TAIPEI, Taiwan (AP) — Jay Chou wasn't afraid to spend money to make his new film, "The Rooftop," into a work of art. Nor is the Taiwanese superstar afraid of addressing criticism of his acting, something for which he has been berated ever since 2007's "Secret."
In his second directorial effort, he says he's more open now and acting has become more natural for him.
"I opened up more, so people could get the feeling that this character isn't the Jay Chou that most people are familiar with. If I played Jay Chou, I would only have one expression from the beginning to the end," he joked. "For this movie, I think I was able to open up and act more freely."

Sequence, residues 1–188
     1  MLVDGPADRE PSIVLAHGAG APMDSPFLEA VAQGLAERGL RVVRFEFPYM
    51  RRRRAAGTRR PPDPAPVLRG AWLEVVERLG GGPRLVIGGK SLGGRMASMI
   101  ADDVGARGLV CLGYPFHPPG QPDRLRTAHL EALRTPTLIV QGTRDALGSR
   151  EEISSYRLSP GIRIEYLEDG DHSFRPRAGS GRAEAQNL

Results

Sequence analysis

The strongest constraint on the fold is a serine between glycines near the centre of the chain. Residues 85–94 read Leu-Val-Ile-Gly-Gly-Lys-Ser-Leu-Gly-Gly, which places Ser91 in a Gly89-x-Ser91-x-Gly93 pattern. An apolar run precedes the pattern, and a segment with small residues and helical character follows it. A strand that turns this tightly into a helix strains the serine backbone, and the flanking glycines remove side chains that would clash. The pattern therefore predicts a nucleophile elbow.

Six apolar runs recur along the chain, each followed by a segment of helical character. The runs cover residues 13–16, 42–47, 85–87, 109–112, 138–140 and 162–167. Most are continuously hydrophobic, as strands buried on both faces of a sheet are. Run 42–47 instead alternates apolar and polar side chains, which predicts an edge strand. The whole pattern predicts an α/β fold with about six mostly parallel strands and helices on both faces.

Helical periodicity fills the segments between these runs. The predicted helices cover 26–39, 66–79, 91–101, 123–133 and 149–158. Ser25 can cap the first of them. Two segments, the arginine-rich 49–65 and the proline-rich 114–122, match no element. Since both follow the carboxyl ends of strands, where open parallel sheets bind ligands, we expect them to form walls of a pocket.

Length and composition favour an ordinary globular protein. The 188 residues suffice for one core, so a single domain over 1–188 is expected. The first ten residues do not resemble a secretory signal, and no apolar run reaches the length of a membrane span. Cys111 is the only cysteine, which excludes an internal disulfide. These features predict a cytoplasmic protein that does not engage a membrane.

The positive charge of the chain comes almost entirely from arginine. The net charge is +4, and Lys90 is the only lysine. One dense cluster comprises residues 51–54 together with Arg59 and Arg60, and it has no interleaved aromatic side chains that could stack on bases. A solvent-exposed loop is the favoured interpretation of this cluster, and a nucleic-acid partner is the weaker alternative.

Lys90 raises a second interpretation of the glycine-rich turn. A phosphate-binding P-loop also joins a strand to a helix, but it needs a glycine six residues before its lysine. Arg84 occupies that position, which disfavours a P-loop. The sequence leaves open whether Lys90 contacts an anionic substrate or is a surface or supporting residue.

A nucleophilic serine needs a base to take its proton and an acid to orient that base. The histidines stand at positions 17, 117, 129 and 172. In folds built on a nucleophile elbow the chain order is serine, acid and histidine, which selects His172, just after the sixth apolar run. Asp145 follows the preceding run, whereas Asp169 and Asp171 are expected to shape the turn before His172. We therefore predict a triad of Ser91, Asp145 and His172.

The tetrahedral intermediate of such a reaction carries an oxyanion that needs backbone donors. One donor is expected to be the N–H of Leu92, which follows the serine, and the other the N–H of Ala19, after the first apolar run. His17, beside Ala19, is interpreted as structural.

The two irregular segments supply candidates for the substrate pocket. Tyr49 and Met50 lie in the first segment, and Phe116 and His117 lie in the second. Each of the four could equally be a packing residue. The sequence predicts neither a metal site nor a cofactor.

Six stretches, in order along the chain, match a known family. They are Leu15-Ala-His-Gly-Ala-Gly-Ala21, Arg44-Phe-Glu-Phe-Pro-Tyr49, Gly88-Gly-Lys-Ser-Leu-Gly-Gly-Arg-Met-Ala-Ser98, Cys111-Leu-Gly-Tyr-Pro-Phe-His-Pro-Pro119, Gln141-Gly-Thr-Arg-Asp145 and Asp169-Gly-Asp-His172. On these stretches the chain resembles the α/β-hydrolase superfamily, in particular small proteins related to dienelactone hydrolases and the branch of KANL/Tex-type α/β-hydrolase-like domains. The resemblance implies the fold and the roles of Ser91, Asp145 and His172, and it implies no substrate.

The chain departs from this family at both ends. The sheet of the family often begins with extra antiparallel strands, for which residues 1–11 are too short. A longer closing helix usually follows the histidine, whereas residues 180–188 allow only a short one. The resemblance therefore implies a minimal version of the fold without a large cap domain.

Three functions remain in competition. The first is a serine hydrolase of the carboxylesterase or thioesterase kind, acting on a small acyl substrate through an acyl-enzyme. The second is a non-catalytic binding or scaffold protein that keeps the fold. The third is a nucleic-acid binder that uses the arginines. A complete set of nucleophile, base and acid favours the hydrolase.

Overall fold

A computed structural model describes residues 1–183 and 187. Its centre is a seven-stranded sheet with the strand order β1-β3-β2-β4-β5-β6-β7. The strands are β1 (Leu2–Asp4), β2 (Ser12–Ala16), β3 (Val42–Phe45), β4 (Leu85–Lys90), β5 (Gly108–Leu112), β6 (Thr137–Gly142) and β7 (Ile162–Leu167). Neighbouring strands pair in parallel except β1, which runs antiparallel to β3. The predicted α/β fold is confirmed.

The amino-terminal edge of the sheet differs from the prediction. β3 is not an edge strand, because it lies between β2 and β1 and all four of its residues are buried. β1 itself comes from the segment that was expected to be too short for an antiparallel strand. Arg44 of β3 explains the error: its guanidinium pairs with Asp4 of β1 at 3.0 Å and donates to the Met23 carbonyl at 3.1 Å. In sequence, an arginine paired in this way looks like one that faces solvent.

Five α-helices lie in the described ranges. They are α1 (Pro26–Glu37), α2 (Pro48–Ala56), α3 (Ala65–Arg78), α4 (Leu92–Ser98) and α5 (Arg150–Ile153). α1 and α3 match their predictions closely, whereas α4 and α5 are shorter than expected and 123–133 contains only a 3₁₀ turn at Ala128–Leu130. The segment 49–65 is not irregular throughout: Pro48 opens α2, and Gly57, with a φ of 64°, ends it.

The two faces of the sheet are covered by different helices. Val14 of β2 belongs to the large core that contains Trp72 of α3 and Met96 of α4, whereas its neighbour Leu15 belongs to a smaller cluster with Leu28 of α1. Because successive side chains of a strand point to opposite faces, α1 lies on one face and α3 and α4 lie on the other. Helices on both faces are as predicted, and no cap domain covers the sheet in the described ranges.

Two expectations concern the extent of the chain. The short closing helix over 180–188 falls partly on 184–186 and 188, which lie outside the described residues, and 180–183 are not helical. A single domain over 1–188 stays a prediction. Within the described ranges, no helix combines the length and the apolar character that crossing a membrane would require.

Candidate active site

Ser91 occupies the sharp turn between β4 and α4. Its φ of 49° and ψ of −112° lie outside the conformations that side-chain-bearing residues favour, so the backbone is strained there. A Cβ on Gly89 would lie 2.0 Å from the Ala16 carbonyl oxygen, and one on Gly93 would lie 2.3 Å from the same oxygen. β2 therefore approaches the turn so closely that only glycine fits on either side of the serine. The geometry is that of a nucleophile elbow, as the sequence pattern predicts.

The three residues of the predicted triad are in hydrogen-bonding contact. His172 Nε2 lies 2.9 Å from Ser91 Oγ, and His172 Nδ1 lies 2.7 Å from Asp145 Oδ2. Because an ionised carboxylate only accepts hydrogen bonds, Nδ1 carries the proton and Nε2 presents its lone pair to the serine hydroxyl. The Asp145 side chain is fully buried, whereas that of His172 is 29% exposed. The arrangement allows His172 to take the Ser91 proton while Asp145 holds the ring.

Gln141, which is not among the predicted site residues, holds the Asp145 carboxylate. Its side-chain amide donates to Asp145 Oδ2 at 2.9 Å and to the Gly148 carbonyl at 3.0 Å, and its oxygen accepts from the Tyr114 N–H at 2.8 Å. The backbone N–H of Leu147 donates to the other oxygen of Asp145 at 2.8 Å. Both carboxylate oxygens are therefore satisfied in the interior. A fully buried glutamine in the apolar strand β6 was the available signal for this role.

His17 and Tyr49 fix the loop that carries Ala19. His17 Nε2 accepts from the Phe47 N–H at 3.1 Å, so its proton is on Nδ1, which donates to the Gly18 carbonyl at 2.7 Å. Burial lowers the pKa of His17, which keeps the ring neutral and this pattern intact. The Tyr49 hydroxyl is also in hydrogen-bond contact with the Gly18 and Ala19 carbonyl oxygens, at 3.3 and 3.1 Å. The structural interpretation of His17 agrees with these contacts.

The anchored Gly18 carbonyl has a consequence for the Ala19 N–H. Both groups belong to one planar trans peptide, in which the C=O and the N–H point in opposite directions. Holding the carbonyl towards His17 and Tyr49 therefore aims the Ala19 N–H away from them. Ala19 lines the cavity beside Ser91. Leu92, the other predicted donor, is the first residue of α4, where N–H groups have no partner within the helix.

Art and stylistic direction was important in "The Rooftop." The film was made for about $10 million — expensive in the Taiwanese film industry — and Chou didn't set a budget for costumes and the set, which was filled with whimsical, retro elements inspired from the 1970s.
"Sometimes I have my own thoughts on creativity, and I'll say, 'Could we change the setting for this particular scene?' A suggestion like this could cost millions in a movie like this. But then I tell people, 'Just look at these three to four seconds, this really beautiful scene will stay with you forever," he said.